This Sunday, Aug. 27 marks the 28th running of the Ironman Canada Triathlon, after a field of just 23 athletes entered the water at Penticton back in 1983. In 1991 the race broke the 1,000 mark for the first time, and for the past decade it's sold out all 2,500 spots (give or take, as pro racers can enter at any time).
It's become a rite of passage for endurance athletes of all stripes, a tick off the bucket list that everybody who likes a physical challenge should try at least once.
As usual, when the race gets underway this year there will be a handful of Sea to Sky athletes in the group - some contending for spots at the Ironman Championships in Hawaii, but most pursuing personal goals - whether that's a sub 11-hour race or just finishing before the timer is turned off at midnight, 17 hours after the start gun.
Whistler athletes taking part this year include Duncan Munro, David Evans, Pete Field, Maridee Fitch, Sarah O'Byrne and Fero Piliar. As well, Liz Cullen is registered as a Vancouver athlete but lived in Whistler for several years and still spends time here.
From Squamish, the field includes Patricia Leslie, Derek Gagne and Byron Andres. The race starts off with a 3.8-kilometre swim, followed by a 180 km road bike. The last stage is a full marathon, 42.2 km from start to finish.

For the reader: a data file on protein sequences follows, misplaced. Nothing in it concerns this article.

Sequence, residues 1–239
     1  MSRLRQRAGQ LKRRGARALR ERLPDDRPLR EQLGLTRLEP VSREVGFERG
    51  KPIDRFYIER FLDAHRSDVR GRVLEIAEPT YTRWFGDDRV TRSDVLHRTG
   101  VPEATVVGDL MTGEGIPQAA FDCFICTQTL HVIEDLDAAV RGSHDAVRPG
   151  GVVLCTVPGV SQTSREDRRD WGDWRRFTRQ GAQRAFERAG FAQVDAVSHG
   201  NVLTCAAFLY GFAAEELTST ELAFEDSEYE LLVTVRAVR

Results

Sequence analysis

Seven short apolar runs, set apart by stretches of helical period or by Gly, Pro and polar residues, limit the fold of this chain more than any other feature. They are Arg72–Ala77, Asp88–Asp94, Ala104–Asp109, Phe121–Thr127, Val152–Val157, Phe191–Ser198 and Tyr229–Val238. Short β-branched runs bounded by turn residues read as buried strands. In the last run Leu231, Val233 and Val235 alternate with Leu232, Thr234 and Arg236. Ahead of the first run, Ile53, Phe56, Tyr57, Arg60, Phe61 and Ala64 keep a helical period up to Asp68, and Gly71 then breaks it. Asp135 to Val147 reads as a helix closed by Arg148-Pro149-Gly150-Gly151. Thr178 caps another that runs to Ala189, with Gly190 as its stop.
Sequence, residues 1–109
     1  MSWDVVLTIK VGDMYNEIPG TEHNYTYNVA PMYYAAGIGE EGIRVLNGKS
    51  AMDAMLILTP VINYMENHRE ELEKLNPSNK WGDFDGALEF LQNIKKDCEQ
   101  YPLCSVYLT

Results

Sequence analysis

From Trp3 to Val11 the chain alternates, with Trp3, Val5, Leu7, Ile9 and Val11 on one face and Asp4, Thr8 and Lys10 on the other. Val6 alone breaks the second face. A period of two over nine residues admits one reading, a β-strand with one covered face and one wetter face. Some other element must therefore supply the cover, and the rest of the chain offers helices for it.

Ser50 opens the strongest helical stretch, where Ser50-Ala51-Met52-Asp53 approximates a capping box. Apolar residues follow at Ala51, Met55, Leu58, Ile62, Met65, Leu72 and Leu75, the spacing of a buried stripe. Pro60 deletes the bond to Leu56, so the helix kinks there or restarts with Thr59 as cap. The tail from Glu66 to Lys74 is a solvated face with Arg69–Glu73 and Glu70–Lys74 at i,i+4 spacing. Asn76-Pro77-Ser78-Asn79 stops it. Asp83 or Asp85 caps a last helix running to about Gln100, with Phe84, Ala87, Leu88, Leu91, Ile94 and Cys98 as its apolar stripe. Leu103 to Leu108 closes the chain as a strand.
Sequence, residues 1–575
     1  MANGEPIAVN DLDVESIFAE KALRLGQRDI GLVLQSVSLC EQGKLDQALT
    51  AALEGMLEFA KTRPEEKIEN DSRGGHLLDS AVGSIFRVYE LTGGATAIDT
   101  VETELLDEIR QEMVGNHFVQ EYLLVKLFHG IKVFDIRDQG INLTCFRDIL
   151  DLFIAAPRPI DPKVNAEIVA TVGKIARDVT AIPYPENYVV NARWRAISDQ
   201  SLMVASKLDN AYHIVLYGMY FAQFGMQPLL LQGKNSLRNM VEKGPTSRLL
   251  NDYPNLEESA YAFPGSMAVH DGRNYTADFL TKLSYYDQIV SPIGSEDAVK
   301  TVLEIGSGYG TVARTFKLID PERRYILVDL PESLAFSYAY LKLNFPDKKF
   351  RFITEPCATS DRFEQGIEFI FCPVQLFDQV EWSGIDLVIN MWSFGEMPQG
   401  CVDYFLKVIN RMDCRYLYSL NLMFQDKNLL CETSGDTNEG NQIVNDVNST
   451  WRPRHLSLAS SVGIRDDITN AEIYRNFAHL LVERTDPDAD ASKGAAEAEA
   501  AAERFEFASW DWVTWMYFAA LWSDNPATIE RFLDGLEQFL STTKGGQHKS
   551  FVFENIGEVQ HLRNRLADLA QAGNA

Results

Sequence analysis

Most of the locals are doing the race for the first time, and three of the racers signed up together after watching friends race last year.
"I'm really excited about it," said Munro. "It's the unknown. I know what can happen in a trail running race and an ultra mountain bike race, but it's a whole new thing to train for swimming, biking and running. It's kind of fun and a little out of the norm. The only downside is this summer we're having when it's pissing rain and you have to go out for a 150km ride and it's 12-degrees outside."
It didn't make it easier that his partner Gillian Woodward did the race last year, and had near perfect training conditions through the spring and summer. However, with a training plan from Christine Suter he's kept his chin up and shrugged off the conditions as best as he could.
"When it's 10 degrees in early July it makes for interesting training, but I really have enjoyed it."
Munro is not going into the race with any goals - what happens on race is what happens. He has a background in swimming and water polo so the swim leg was relatively easy to prepare for, and he also has a lot of long-distance biking and running in his background - and recently placed first in the Rundle's Revenge race in Canmore in the Iron Donkey category, which included a 100km trail ride on Saturday, followed by a 50km trail run on Sunday.